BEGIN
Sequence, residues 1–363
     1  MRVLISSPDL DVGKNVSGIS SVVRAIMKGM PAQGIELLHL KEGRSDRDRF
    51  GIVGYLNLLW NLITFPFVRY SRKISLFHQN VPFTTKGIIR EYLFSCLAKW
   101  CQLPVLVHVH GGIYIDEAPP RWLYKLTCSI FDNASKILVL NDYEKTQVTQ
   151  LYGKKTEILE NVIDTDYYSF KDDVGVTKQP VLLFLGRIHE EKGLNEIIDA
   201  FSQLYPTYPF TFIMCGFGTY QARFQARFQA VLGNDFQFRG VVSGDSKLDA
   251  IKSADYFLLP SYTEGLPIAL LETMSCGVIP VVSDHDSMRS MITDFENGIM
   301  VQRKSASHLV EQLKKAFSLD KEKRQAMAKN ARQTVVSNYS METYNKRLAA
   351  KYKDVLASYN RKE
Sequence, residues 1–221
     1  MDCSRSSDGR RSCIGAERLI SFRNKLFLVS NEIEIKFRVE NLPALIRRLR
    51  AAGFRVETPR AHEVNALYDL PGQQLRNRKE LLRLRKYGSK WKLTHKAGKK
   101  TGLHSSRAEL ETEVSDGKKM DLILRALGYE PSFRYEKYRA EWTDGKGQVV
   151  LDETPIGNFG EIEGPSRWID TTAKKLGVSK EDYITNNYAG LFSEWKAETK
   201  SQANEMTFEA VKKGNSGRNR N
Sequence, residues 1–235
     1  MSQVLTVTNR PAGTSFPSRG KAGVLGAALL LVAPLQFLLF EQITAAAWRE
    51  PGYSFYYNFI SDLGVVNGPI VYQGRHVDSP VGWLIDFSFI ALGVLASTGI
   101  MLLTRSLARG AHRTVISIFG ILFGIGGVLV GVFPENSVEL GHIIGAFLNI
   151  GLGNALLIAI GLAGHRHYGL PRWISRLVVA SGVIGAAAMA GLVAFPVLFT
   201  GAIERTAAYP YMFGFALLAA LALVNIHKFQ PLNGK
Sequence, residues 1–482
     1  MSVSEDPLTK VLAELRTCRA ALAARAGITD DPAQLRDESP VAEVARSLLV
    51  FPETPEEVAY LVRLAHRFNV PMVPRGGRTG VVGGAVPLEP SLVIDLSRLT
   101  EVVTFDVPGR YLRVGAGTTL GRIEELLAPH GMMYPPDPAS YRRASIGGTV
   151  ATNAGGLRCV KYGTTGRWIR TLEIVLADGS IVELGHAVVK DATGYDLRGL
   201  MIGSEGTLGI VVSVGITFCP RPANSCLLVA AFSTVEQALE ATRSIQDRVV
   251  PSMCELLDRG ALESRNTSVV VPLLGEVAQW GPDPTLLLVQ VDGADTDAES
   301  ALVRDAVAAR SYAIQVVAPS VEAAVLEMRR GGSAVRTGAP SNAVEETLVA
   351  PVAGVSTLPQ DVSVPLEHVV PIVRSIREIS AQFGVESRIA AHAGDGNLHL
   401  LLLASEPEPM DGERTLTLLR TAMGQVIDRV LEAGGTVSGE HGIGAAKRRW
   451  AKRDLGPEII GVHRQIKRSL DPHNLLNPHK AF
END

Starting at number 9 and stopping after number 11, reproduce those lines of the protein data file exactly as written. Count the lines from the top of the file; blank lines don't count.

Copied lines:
   351  KYKDVLASYN RKE
Sequence, residues 1–221
     1  MDCSRSSDGR RSCIGAERLI SFRNKLFLVS NEIEIKFRVE NLPALIRRLR